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Otto

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Posts posted by Otto

  1. i think every beekeeper has ants under the lid, sticky

    it would probably make more sense if you post a photo of the ants you're looking for and we tell you if we got those.

    the common ant we see is about 2=3 mm long, bitch black and lifts up their bum very high when you disturb them

    - and yes, runs around with their eggs.

    Pretty sure the ones commonly found under lids are a Technomyrmex species. In Warwick Don's "Ants of New Zealand" book (2007) they were regarded as Technomyrmex albipes (the white footed ant) but this wasn't the correct species. I see on AntWeb that we have a T. jocosus, maybe it's this one. Some specimen photos can be seen at Species: Technomyrmex jocosus - AntWeb.

     

    Pictures of the Argentine ant (Linepithema humile) can be found on the same site at Species: Linepithema humile - AntWeb

     

    Down here I have never seen an ant in a beehive:)

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  2. I would send you some, but I don't have a queen cage, and my bees are all self-bred (all my queens are at least 2-3 generations away from a bred queen), so I don't know if thats what you want anyway.

    Do the drones need to be alive when you get them?

    Could I just stick them in a small tin and post them?

    Any container is fine. I only suggest a queen cage because it is something many beekeepers have lying around. Thanks:)

    • Like 1
  3. RFU stands for relative fluorescent units.

    DNA is made up of two strands bound to each other through four bases (A's bind to T's and C's bind to G's). The binding of the two strands comes apart as DNA is heated. The way a piece of DNA melts is dependent on it's sequence, the combination of A's, C's, G's and T's that make it up, and their order. With this method we take our amplified DNA and very slowly heat it up and as we do so measure the amount of unmelted DNA left using a fluorescent dye. The higher this number the more double-stranded DNA there is.

    • Like 2
  4. Some more information for anyone who's interested.

    We are looking at the genetic variation (ie DNA differences) in the gene responsible for sex determination. Many of you will know that fertilised eggs result in a female bee while unfertilised eggs result in drone bees. The way this works is through the action of a gene known as csd (for Complementary Sex Determiner). This is a gene for which over 100 different sequences have been identified in Apis mellifera so far (each allele is a different version of the csd gene). When a bee develops with two different alleles of this gene it becomes a female (queen or worker) while a single copy results in a drone.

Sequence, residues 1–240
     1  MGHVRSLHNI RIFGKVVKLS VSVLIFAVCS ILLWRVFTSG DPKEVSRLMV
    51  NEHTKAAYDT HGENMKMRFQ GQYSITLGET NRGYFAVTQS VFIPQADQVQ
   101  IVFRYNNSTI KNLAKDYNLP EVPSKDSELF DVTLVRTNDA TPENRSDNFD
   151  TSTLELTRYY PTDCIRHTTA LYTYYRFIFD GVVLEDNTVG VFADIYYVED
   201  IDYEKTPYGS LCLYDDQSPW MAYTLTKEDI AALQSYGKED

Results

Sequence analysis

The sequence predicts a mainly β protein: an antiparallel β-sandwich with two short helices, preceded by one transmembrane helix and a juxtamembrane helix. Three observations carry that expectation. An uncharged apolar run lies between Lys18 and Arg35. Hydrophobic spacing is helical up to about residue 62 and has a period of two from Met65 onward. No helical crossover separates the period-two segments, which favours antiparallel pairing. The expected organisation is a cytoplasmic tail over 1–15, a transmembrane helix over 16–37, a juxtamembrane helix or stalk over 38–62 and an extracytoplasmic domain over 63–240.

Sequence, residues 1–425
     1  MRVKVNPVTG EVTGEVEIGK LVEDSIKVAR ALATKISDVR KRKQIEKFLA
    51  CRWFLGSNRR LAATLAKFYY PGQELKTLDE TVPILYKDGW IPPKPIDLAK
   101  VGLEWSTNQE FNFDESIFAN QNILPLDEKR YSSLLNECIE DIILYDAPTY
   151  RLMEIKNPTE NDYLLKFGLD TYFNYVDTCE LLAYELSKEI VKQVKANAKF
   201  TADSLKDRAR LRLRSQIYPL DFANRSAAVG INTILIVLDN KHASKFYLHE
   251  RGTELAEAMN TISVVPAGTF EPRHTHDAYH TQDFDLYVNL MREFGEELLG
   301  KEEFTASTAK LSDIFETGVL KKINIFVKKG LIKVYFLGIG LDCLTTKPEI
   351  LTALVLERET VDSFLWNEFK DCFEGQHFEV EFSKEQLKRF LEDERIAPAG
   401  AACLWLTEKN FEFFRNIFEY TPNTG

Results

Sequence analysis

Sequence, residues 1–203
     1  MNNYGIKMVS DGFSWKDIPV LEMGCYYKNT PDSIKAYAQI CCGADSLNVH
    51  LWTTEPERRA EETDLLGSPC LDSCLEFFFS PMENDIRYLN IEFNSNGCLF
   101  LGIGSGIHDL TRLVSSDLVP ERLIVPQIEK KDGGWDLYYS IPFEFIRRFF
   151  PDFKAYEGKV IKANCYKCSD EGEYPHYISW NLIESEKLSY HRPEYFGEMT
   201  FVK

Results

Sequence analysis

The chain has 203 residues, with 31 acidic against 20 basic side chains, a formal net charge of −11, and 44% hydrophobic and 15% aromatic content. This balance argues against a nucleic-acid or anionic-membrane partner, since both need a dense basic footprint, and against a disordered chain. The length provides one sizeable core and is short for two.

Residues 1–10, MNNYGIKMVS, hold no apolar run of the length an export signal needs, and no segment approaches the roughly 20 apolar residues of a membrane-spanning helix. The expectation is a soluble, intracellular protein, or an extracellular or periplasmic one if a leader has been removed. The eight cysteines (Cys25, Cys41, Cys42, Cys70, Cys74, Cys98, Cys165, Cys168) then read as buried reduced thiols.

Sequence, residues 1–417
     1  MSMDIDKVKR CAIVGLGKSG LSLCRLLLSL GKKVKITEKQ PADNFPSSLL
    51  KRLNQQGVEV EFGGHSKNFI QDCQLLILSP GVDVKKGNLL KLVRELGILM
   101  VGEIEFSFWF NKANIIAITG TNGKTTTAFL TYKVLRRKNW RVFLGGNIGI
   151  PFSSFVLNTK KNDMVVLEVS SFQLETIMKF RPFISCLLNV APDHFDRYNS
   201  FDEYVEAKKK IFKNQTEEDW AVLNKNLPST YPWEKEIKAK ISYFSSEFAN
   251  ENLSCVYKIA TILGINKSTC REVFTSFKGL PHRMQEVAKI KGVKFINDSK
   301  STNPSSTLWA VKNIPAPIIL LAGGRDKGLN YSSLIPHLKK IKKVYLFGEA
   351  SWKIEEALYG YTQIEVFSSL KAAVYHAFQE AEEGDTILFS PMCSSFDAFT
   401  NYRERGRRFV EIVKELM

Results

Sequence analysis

There are two main objectives for this initial part of our research.

    1) Identifying the alleles of csd that are present in queen being used for queen breeding in New Zealand. This tells us the number of different sequences actively being propagated by beekeepers (the more sequences, the better gene pool depth).

    2) Identifying the different alleles present in New Zealand bees as a whole to give us a measure of the genetic variation present in New Zealand bees (that can potentially be compared to the variation present in other parts of the world).

    The assay we are using to run this test uses DNA purified from drones. The most variable part of the csd gene is amplified out using a PCR test. This is simply a way to get many millions of copies of the specific part of the csd gene we are interested in so that we can analyse the sequence of it and see how it varies from other alleles.

    There are several ways of analysing the sequence of a given allele. We can sequence it which gives us exact information for that allele. This is ideal but is prohibitively expensive to do on a larger scale. Instead we analyse the sequence with a technique called High Resolution Melting (HRM). Different sequences will melt differently and give a different fluorescent trace. The same method was used to differentiate bad Psa-V in kiwifruit from a benign Psa species also detected.

    The pictures below show some DNA fluorescent traces from some of the assays I have done on some New Zealand drone samples. The first one are the melt curves from 9 drones samples from one of Alastairs breeder queens. A queen has two alleles and her progeny drones will have either one of these two. In this test 5 drones had one distinct melt curve while the other 4 had a different one. The second picture show the results from the drones collected from the hive containing Alastairs second breeder queen. Here the results show 4 drones with one melt curve, 3 drones with a second curve and 1 each with different melt curves. This suggests that 7 drones were the progeny from the queen in this hive while the other 2 were drones that originated in different hives. The last picture show the curves obtained from 12 drones collected as a 'random' sample from an apiary. Two drones were collected from 6 different hives in one apiary. Here there are seven different curves (meaning seven different alleles).

    All up, the more samples we receive from beekeepers around the country the more useful the information from this study will be for the beekeeping industry. So keep the samples coming please!